AMIR AHMADI ARIAN started his writing career as a journalist in Iran in 2000, while an undergrad engineering student at the University of Tehran. From 2002 he began writing fiction and translating books. He has published hundreds of articles in Iranian newspapers and magazines on literature and politics, two novels (one of them was shortlisted for the prestigious Golshiri award), a collection of stories, and a book of nonfiction on the state of Iranian literature in the new millennium. He also translated from English to Farsi novels by E.L Doctorow, Paul Auster, P.D. James, and Cormac McCarthy.
Amir left Iran in 2011 to undertake a PhD in comparative literature at the University of Queensland, Australia. While working on his thesis he switched language, and since 2014 he has been writing in English. In this phase of his career, he has published short stories and essays in The Guardian, Massachusetts Review, Asymptote, openDemocracy, etc. He is currently living in NYC where he earned an MFA in the NYU Creative Writing Program as The Axinn Foundation/E.L. Doctorow Fellowship recipient of 2016 - 2018. Now he is teaching literature and creative writing at CUNY City College.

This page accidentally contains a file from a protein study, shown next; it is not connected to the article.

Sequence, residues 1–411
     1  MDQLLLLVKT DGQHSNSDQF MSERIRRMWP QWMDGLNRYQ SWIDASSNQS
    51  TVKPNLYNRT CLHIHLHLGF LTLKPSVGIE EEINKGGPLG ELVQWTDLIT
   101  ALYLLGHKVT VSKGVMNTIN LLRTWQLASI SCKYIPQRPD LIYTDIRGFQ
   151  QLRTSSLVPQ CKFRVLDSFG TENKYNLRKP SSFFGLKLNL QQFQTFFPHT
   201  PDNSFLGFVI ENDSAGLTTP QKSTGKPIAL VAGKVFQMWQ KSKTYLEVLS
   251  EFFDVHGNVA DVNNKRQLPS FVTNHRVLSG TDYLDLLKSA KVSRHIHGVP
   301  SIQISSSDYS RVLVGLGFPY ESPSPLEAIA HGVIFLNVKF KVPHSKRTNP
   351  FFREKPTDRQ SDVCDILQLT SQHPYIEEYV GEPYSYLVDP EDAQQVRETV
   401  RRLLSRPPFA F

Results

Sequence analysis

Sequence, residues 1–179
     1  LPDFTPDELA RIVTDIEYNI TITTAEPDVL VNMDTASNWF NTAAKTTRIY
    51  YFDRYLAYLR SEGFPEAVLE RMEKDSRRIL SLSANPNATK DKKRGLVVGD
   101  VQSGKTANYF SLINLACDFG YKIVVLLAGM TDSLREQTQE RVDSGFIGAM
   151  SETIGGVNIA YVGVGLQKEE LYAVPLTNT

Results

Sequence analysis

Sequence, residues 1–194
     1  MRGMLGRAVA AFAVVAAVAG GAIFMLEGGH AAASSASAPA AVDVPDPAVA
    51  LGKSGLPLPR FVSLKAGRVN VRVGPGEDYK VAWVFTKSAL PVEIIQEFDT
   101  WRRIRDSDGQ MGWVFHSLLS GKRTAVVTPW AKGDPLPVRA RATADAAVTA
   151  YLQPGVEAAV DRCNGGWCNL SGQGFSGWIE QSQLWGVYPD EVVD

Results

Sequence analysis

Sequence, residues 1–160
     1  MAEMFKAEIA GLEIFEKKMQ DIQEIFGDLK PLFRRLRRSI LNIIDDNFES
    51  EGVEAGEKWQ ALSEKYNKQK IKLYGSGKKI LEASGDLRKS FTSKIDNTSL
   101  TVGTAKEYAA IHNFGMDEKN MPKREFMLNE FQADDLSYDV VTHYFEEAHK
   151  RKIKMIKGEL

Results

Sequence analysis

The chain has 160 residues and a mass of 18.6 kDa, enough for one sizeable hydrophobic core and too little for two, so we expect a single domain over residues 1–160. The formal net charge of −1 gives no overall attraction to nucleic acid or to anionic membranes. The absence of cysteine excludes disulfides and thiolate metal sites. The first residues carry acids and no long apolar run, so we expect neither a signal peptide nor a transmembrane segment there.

Amir Ahmadi Arian’s first novel written in English, Then The Fish Swallowed Him, will be published in Winter 2020 on a major new HarperCollins imprint for international literature. French rights have been sold in an exclusive pre-empt to Jean Mattern of Editions Grasset & Fasquelle.
The novel follows an ordinary Tehran bus driver who finds himself thrown into a mind-bending cycle of solitary confinement and interrogation in Tehran’s infamous Evin prison. The first-person narrative also takes account of the other side, the interrogator and the system he works for, shedding a new light on the hidden side of Iranian politics by humanizing the interrogator and making sense of his reasons and incentives. Then The Fish Swallowed Him can be read as a 1984 for the 21st century, and as a stark warning about the psychological impact of totalitarianism. See the “Book Deal of the Week” announcement in Publishers Weekly
Read Call of the Flesh, a short story, nominated for a 2018 Pushcart Prize
Guernica Magazine Fragments From A War-Torn Childhood
New York Times Why Iran Is Protesting
Literary Hub (Freeman's Channel) A Year Among the Boat People, My People
London Review of Books Trump's Rhetorical Tradition